***NOTE: To qualify as a waiver wire recommendation, a player must be owned in less than 50% of Yahoo and ESPN leagues and less than 60% of CBS leagues (players typically have higher ownership levels on CBS). Continue reading

Out of a Thousand Fish in the Sea, Marlins Oddly Choose Jennings (and other notes from 5/18/15)

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After the Marlins increased their payroll by about 50% over the off-season with the acquistion of players such as Martin PradoDee GordonDan Haren, and Mat Latos and the free agent signings of Mike MorseIchiro Suzuki, the Marlins front office was expecting the team to be competitive in the NL East as they surrounded their young rising starts Giancarlo StantonChristian Yelich, and Jose Fernandez (rehabbing from Tommy John surgery) with some strong veteran presences.  But after being nearly no-hit on Sunday, the Marlins fell to a 16-22 record and manager Mike Redmond was relieved of his duties after taking over as the club’s manager to begin the 2013 season.

Reports circulated the internet hours after the firing of Redmond with former Marlins player Jeff Conine being brought up as the next manager of the team.  However, those reports were later debunked and the Marlins were just letting everyone know that Monday morning they would make an announcement on who the next manager would be.  Well, when the time came, they made a shocking if not absolutely crazy declaration of Dan Jennings as their new manager.

Jennings had been the general manager of the Marlins, the man responsible for all of the off-season trades and signings, which included handing out the ridiculously insane 13-year/$325 million mega contract to Stanton.  So this is the team that he built, the team that he hand-picked with the belief that they could be winners.  But with no professional coaching or player experience to speak of, this has to be the oddest managerial hiring ever (if you can even call it a hiring, since he was the GM — did he hire himself?).  It reminds me of Major League II when retired third baseman Roger Dorn purchases the Cleveland Indians from the previous owner Rachel Phelps, but in the middle of the season when the team is in a big slump and Dorn is losing lots of money, he sells the team back to Phelps but stays on as the GM and activates himself as a player.  In the movie it worked out for the team since they won the pennant, but I don’t anticipate this going over well for the Marlins.  But at the very least, it should be an interesting experiment to follow and if by chance it is successful, it could actually be groundbreaking and make Jennings the pioneer of a movement of hiring baseball “minds” as coaches and managers as opposed to ex-players or current/former coaches.

For fantasy purposes, I don’t see this having a huge impact on any of the Marlins players.  But it is also hard to say since nobody, not even Jennings himself, knows his managerial style.  We will have to give it a couple weeks to see what Jennings tendencies might be when it comes to things like aggression on the base paths and lineup construction.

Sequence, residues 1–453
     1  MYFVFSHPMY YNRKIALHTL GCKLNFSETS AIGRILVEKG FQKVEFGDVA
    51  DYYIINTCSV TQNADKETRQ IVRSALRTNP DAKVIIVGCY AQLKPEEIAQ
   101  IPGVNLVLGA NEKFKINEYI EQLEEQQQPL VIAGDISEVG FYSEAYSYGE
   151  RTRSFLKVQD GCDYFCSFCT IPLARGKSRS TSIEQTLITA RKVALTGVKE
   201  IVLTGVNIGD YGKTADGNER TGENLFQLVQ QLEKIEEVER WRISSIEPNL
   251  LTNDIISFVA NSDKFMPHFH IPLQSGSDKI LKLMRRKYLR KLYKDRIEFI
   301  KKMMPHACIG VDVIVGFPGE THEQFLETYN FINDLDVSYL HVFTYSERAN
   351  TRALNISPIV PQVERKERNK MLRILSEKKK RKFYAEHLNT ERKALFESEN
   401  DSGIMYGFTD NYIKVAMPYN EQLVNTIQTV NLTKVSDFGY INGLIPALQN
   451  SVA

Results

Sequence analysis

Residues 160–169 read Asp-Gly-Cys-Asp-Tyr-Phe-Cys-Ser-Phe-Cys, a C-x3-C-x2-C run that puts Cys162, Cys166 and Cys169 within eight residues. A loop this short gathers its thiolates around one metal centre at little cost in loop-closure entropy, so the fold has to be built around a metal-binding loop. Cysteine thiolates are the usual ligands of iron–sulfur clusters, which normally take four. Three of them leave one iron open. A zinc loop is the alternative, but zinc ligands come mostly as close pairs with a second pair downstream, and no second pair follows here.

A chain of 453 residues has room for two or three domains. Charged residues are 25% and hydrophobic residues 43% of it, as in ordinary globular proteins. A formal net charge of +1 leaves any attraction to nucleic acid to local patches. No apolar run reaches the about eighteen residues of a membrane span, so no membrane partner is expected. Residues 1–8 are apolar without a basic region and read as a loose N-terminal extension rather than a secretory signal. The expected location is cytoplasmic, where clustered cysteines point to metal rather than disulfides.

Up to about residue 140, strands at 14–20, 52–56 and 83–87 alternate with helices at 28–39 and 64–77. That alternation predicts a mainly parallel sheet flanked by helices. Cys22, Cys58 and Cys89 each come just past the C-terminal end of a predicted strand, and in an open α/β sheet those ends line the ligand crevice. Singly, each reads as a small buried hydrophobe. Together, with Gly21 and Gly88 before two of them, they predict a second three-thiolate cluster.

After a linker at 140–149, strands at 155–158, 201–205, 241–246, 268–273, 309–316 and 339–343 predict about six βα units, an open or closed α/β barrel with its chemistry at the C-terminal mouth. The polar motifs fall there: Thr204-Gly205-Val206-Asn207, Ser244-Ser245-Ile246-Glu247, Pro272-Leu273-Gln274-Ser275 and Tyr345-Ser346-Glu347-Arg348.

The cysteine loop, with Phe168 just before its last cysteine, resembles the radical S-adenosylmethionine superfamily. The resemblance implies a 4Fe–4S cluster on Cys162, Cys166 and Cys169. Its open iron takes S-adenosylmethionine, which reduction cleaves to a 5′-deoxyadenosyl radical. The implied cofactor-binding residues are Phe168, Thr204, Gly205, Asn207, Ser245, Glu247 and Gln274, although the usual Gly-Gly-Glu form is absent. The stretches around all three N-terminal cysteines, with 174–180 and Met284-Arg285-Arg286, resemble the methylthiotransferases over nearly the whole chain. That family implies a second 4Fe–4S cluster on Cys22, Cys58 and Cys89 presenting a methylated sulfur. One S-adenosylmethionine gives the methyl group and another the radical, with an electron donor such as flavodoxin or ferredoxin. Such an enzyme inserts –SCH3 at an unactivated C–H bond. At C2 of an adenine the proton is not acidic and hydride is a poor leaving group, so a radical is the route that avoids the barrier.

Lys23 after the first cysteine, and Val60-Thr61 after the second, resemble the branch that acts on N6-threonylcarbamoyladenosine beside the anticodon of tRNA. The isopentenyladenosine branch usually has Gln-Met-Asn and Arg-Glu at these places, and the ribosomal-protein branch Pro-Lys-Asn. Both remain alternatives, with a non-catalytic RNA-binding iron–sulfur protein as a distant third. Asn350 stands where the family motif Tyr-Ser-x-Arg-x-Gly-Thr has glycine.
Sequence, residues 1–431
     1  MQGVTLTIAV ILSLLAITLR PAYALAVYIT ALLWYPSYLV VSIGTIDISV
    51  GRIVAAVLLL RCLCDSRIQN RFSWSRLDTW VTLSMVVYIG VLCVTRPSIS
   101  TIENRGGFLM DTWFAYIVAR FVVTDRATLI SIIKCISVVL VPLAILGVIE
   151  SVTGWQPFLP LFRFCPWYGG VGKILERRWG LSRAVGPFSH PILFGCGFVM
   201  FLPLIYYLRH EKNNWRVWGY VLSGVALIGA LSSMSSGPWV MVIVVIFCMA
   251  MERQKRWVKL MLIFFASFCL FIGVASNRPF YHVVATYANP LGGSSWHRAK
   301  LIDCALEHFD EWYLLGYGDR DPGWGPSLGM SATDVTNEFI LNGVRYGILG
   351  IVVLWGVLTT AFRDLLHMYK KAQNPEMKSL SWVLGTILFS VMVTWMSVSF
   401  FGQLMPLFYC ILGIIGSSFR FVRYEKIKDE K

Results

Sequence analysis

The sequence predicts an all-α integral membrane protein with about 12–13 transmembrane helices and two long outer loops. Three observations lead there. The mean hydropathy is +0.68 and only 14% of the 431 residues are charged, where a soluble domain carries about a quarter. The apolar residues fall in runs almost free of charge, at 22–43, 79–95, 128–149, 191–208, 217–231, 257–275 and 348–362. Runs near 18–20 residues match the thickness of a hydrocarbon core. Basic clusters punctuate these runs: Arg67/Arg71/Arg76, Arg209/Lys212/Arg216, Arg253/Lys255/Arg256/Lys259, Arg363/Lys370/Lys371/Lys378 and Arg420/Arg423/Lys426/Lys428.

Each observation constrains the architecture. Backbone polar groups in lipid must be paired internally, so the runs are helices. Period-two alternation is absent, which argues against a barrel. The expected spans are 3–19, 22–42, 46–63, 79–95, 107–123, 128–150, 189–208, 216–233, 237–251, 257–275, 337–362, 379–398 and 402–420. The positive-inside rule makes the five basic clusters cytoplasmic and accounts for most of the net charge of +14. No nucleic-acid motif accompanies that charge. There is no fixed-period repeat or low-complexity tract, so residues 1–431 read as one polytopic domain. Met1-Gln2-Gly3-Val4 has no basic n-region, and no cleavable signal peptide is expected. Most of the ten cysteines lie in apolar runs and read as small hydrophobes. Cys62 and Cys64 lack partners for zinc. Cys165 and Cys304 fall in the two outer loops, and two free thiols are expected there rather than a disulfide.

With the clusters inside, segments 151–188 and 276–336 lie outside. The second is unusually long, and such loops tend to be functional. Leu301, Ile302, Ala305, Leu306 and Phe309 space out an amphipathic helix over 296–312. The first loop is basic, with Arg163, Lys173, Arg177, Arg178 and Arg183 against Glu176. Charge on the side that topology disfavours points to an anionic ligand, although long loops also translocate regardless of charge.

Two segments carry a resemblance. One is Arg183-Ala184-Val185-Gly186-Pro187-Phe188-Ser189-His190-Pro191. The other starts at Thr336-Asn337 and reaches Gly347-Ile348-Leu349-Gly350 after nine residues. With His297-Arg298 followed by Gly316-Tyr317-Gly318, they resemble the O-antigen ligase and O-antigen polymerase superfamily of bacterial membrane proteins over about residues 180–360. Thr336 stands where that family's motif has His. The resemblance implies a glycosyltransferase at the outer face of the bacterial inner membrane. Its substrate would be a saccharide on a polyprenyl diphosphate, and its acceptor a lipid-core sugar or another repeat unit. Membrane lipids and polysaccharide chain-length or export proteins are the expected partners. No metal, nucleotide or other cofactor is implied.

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This Year’s Alex Wood Will Be M̶a̶r̶c̶u̶s̶ ̶S̶t̶r̶o̶m̶a̶n̶ Drew Pomeranz

When preparing for a new season, fantasy baseball enthusiasts are always wanting to know who is going to be the next big breakout player.  Drafting or picking up a player on waivers for his breakout season gives fantasy owners a feeling of superiority, a feeling of omniscience in some sense.  Whether that feeling is justified or not is another question.  But even if your team comes in last place, you can take ownership that you “knew” Jose Bautista would bust out for 54 HR, or that your hunch that R.A. Dickey would knuckle his way into a Cy Young Award panned out.  So at The Backwards K, there is a series of posts titled “This Year’s…” where I will tell you who I think this year’s version of a 2014 breakout player will be, providing some background and analysis.

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In fear of breaking tradition that the baseball world has come to expect from the Braves, they have once again developed and produced another talented starting pitcher in the name of Alex Wood.  After being drafted in the 2nd round out of the University of Georgia in 2012, Wood made just 26 appearances in the Minors before becoming a mainstay of the Braves pitching unit in 2013.  Upon being called up as one of the organization’s top pitching prospects, Wood pitched out of the bullpen before being given a chance as a starting pitcher, and then shifted back to the bullpen to limit his workload.  Overall, his rookie season was a success as he went 3-3 with a 3.13 ERA, 1.33 WHIP, 8.92 K/9, and 3.13 BB/9 in 77.2 IP.

In 2014, cracking his first Opening Day roster at the age of 23, Wood rose to the occasion like wood tends to do.  Get it?  Wood…like an erec…oh, never mind.  Anyway, the southpaw pitched extremely well as a sophomore despite being moved to the bullpen for a month in the middle of the season.  His fastball-curveball-changeup repertoire and improved control brought him great results and he finished the season with a record of 11-11 with a 2.78 ERA, 1.14 WHIP, 8.91 K/9, and 2.36 BB/9 in 171.2 IP.  Wood is for real and should be on his way to a nice career.